For decades, residents of Sandy Springs, Ga., were unhappy with the poor quality and high costs of services provided by Fulton County. With a population of just 90,000 compared to the county's 900,000, Sandy Springs residents felt slighted by what was considered an unfair redistribution of tax dollars within the county.
"We were being exploited," Eva Galambos, the mayor of Sandy Springs told American City and County. "Sandy Springs was a cash cow for [Fulton County.]"
In 2005, residents got tired of being milked.
After a decades-long campaign, Sandy Springs declared political independence from Fulton County and embarked on their own little "bold experiment." The result was resounding, with 94 percent of Sandy Springers voting for incorporation.
Newly incorporated Sandy Springs immediately embarked on another bold experiment: They contracted for virtually all non-public safety services.
Today, nearly five years later, an expiring contract provides a chance to assess results. According to city officials, operating with an outsourcing model saves Sandy Springs an estimated $20 million per year. Sandy Spring's bold experiment in privatization has been favorably received by citizens and was recently a winner of the Pioneer Institute's Better Government Competition.
The earliest days of Sandy Springs provide a fascinating (and rare) instance of a community having the freedom to create a government on a blank canvas, freed of existing structures. After the 2005 referendum, the long-standing Committee for Sandy Springs convened 14 task forces to figure out how to best provide general municipal services. Ultimately, contracting offered the best option, guaranteeing a quick turnaround to meet pressing service needs.
The bid process, orchestrated by the governor's office, created two buckets, an "administrative" RFP and a "technical" RFP. Though four companies bid on each, the engineering firm CH2M HILL OMI won both bids after showing the city $2.3 million in savings if they went with a single contractor.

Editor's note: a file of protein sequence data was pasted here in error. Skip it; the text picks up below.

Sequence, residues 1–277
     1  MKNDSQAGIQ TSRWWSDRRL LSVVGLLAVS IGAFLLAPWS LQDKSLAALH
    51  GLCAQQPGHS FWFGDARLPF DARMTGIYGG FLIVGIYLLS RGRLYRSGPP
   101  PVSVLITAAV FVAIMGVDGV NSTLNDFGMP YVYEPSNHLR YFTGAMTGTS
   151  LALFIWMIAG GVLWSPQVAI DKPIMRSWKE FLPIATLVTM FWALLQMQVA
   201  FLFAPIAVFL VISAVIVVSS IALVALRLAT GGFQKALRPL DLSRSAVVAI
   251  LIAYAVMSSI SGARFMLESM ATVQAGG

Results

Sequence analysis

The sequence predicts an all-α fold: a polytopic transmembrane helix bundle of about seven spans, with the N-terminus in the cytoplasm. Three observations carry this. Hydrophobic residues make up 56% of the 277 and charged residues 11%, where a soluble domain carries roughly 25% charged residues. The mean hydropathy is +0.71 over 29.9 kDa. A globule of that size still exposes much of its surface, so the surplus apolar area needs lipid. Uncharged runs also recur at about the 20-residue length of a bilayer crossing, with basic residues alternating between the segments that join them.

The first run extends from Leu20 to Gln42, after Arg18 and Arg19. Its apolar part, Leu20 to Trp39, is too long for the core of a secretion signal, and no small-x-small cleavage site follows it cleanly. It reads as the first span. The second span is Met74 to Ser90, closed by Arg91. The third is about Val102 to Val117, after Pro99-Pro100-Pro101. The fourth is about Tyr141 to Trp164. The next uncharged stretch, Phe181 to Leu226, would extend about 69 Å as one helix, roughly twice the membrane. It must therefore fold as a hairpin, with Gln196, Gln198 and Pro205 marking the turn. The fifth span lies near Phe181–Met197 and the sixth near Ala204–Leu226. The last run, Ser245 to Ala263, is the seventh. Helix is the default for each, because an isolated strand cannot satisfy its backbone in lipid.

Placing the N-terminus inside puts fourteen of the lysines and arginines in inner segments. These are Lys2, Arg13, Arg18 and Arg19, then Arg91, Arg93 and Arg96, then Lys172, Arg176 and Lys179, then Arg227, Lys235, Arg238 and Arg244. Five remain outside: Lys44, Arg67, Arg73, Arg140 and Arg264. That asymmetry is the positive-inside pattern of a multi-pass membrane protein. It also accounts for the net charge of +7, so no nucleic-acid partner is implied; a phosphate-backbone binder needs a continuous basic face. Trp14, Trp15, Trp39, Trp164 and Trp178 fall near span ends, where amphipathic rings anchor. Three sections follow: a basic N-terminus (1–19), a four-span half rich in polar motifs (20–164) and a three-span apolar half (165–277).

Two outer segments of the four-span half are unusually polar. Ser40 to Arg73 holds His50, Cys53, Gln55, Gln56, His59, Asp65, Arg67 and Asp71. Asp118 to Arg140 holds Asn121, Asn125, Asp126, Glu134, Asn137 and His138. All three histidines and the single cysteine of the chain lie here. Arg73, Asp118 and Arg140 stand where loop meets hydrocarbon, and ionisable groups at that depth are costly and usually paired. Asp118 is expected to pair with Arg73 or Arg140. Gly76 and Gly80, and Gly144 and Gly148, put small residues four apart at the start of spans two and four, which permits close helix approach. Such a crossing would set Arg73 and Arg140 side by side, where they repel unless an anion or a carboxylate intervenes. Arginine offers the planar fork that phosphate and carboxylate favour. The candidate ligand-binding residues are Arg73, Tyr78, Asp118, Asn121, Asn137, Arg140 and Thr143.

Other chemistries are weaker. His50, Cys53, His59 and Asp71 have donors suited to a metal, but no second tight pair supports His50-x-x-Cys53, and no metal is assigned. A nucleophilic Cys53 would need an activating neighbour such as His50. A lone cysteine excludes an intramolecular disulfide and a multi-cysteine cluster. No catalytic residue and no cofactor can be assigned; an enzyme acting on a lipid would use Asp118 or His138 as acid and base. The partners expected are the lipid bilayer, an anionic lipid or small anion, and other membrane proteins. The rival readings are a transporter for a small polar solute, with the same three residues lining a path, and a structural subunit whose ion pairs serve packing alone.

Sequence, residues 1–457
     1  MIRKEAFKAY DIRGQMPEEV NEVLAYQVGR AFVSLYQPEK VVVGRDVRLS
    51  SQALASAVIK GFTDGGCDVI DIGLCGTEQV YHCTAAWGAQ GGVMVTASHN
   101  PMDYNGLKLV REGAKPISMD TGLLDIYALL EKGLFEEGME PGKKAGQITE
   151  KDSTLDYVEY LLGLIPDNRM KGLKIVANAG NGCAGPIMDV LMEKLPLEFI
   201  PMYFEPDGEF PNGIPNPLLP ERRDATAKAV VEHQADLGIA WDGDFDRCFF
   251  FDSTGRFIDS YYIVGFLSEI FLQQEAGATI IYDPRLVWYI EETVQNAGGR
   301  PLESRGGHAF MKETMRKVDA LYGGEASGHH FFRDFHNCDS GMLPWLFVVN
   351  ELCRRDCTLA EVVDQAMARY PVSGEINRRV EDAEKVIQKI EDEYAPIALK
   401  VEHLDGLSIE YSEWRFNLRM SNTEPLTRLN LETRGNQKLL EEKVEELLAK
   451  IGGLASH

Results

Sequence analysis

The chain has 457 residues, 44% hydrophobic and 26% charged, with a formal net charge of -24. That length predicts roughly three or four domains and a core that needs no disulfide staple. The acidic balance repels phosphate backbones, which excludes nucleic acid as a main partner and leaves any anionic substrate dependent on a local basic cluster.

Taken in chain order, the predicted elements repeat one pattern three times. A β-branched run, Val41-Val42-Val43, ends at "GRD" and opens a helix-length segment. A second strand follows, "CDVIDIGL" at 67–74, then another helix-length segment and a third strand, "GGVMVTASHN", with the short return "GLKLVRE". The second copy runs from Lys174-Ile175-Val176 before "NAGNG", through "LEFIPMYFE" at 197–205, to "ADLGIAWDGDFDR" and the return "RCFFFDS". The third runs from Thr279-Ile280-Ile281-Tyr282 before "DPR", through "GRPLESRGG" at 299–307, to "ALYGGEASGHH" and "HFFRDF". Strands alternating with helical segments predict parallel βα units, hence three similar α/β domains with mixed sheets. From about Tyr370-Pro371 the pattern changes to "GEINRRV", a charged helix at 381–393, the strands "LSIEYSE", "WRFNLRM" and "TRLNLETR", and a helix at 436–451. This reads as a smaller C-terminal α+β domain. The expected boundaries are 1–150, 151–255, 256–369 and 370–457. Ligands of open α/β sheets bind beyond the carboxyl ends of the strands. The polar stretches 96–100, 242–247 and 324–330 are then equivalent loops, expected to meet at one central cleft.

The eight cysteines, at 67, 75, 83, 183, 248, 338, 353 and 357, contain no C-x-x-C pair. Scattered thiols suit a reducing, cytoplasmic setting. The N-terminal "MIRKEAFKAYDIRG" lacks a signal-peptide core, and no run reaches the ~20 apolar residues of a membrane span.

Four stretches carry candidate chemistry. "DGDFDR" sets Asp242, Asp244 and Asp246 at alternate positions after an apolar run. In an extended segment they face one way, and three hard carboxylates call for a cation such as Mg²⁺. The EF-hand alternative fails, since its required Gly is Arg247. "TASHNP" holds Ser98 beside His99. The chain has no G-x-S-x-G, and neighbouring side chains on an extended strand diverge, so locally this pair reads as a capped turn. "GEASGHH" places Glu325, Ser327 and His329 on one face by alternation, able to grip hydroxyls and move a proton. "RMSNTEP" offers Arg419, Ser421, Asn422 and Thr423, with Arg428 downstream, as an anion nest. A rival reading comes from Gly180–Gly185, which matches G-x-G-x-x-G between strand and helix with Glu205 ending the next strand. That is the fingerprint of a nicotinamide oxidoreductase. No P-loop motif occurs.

Prior to incorporation, a study by the University of Georgia estimated the newly incorporated city of Sandy Springs would need 828 employees. Thanks to privatization, the reality wasn't even close to that. For the past five years, all municipal services except police, fire and 911 have been provided by CH2M Hill OMI. In addition to public safety personnel, the city manager and his staff are also public employees, giving Sandy Springs 271 public employees augmented by 200 contractor positions or 471 in total -- a far cry from the expected 828.
In addition to the cost savings, the contract is built around other unique features that allow the partnership to maintain high-levels of service and push innovation. Though the foray into city management may be C2HM's first, they are a leading global engineering firm and Sandy Springs now has access to a network of experts on various technical needs like wastewater regulations and IT systems management. Unlike most public management systems, the contract allows for flexibility in shifting budget allocations to meet needs and in the management of workers.
The contract is overseen by the city manager who reports to the Council on performance. Because they are freed from the details of overseeing all the inputs, both the city manager and the Council can focus on managing for results.
To avoid the lack of responsiveness that characterized the city's relationship with Fulton County, a critical piece of the contract has been the creation of a 24/7, non-automated customer service hotline. Though 311 systems are growing more common across big cities, for a city of just a 100,000, access to an expensive, customer-driven product like the call center provides tremendous benefit. The call center receives about 6,000 calls a month.
Moreover, because the city's operating budget has come in under approved amounts, Sandy Springs has been able to invest $72 million in capital improvements since incorporation.
With CH2M's contract up at the end of the year, Sandy Spring leaders are looking at their options. They may choose to expand beyond a single contractor, exploring a variety of competitive models to gain further savings. Shifting to a traditional public workforce doesn't appear very likely. For other municipal leaders, the question remains as to whether this wholesale outsourcing can provide some lessons about what might work in their cities.
Jay Kairam provided research for this article.